If it’s not a boycott that explains this, what does? There was nothing special on TV last night to compete with the Sunday night game, as there was a week ago when the Emmys went head to head with it. That game did better than last night’s game ratings-wise.

Maybe this is actually a double boycott, not just turning off the NFL at Trump’s urging but turning off ESPN specifically. Darren Rovell notes that CBS’s two daytime games, by comparison, were down only one percent from this time last year. Although, if this is an ESPN thing, how to account for the fact that Fox’s daytime game ratings also tanked?

Fox’s single-header game, which featured the New York Giants against the Philadelphia Eagles in many markets, was down 16 percent, compared to Week 3 of last season, which featured the Giants playing the Washington Redskins.

Sunday Night Football’s decline was more drastic, as Sunday’s game between the Redskins and the Oakland Raiders was the lowest-rated Week 3 game, from metered markets, since 2006.

Ratings for the game were down 9 percent versus last week (Packers-Falcons) and 11 percent versus last year’s Week 3 game.

You could understand a Buccaneers/Chargers match-up, say, tanking due to simple lack of national interest, but Raiders/Redskins? C’mon. Likewise, a divisional game involving a New York team, as bad as the Giants are this year, isn’t an obvious candidate for a double-digit ratings slide on Fox, especially when it ended up being decided on the final play. Unless these preliminary ratings are far off the final numbers for some strange reason a boycott does seem to be in effect, for now. And it’s big enough to make noise in the Nielsens.

Trump will take credit, deservedly, but note that Republicans were primed for a boycott before he called for one. Here’s new data released today by the Cato Institute based on a survey conducted in late August, long before Trump’s “son of a bitch” comments in Alabama on Friday night. Question: Should the NFL fire a player who refuses to stand for the anthem before a game?

Republicans, conservatives, and senior citizens — three groups that substantially overlap — were the only subgroups tested in which a majority supported firing. All others opposed it, producing an overall split of 38/61 against.

Until now, I thought righties also opposed firing people for their politics, as in the cases of Brendan Eich and James Damore. It was interesting watching people grapple with that inconsistency on Twitter this weekend. For some it was a straightforward matter of patriotism: The flag and the anthem deserve special respect, whatever the merits of one’s underlying cause. For others it was a matter of protesting *at* work: Brendan Eich was forced out over a political donation he’d made on his own dime and his own time whereas the players are using their place of business to push their causes. (Never mind that the NFL has backed them up in protesting.) For others still it was a matter of deterrence: Precisely *because* the left feels comfortable taking scalps like Eich’s and Damore’s, liberal scalps need to be taken too when the opportunity arises. If you want to discourage bad behavior, make it costly. I think that’s delusional — mainstreaming this on both sides will lead to more scalp-taking in the aggregate, not less. And I suspect that “deterrence” in some cases is just a fig leaf for the envy that righties understandably feel towards leftists who claim moral license for their own tribal viciousness. “If the left can be awful for supposedly reasonable reasons, so should we!”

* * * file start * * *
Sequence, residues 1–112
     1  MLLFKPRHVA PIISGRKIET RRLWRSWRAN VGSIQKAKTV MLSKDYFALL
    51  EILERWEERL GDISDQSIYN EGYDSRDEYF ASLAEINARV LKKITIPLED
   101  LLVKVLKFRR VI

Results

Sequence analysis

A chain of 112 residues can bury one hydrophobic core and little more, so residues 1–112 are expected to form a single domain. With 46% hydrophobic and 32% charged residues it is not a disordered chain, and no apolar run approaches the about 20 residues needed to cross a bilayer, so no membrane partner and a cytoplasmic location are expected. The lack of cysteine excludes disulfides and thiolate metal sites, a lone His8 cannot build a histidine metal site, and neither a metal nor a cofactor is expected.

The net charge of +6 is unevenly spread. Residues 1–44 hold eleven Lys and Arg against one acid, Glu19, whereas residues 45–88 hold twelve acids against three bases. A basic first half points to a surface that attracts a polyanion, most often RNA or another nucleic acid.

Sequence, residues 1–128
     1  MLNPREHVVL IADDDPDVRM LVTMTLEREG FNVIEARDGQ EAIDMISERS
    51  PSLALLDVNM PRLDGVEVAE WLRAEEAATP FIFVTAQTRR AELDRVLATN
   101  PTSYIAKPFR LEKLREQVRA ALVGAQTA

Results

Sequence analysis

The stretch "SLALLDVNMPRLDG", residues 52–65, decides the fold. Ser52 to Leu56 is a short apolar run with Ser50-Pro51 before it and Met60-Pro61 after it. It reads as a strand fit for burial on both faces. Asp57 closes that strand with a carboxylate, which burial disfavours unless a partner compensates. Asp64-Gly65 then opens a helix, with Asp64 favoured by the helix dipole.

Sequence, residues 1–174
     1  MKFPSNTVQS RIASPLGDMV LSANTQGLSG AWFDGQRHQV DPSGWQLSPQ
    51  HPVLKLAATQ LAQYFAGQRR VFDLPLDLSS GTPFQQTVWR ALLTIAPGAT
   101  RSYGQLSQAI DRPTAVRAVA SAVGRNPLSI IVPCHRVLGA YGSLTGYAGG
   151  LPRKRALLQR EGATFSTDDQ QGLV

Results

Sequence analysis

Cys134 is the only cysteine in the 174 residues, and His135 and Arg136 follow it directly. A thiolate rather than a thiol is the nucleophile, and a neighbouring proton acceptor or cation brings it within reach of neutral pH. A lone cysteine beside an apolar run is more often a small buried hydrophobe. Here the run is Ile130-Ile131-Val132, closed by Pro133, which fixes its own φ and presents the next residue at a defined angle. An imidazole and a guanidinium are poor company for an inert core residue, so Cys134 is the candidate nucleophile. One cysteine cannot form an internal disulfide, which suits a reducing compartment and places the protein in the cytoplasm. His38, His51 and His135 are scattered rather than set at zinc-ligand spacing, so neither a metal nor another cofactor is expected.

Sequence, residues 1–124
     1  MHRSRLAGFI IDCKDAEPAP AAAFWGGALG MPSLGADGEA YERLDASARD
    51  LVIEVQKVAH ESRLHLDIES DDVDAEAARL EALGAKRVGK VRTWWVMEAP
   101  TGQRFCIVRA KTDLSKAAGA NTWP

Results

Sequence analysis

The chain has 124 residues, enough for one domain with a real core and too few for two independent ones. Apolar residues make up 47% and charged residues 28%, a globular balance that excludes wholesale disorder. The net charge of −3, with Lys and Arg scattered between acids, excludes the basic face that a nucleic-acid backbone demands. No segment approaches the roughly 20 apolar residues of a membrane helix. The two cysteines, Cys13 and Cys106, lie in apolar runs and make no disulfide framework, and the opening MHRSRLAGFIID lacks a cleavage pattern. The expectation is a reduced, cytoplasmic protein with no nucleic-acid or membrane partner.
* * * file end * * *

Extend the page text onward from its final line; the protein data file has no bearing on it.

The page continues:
Whatever the explanation, there’s no doubt that Trump’s sanction will lead to more support among Republicans for firing players who take a knee. If 65 percent of GOPers were in favor before he piped up, probably 80 percent will be soon. Should that translate into a sustained boycott, with ratings depressed for several weeks, I assume the league will start weighing whether to do away with the anthem entirely before games, to push politics completely out of the stadium. If you’re caught between strong opposition to the protests on the right and broad if tepid support for letting players protest if they like among the general public, the only way to square the circle is to take away the opportunity at the game while standing by the players’ right to be activist away from it. It’d be a perfect microcosm of the country’s political divisions right now if the NFL had to suspend playing the national anthem because the activity around it inflamed people on both sides too much.

Here’s Chiefs QB Alex Smith wondering yesterday why Trump couldn’t condemn “violent neo-Nazis” after Charlottesville but could condemn “son of a bitch” NFL players for taking a knee during the anthem to protest police brutality against blacks. Trump did condemn the neo-Nazis but this is what his equivocation afterward about “very fine people” on both sides has gotten him, the perception that he’s more bothered by Kaepernick kneeling than he is by white nationalist marches or the police brutality that inspired the NFL protests. If you’re more apt to call NFL players sons of bitches than David Duke or Richard Spencer, yeah, you’re not going to get the benefit of the doubt.

Update: Ahhhhhhh, right. Sunday Night Football is on NBC, not ESPN. It only took me four hours to sniff this brain fart. Apologies for the error. Anyway, the ratings decline obviously isn’t just an ESPN thing.